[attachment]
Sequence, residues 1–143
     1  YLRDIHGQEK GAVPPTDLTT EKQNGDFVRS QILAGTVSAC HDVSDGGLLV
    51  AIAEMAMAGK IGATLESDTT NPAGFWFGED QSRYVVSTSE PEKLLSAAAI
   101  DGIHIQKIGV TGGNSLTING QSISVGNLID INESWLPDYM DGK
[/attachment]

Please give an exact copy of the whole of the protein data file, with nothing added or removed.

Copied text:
Sequence, residues 1–143
     1  YLRDIHGQEK GAVPPTDLTT EKQNGDFVRS QILAGTVSAC HDVSDGGLLV
    51  AIAEMAMAGK IGATLESDTT NPAGFWFGED QSRYVVSTSE PEKLLSAAAI
   101  DGIHIQKIGV TGGNSLTING QSISVGNLID INESWLPDYM DGK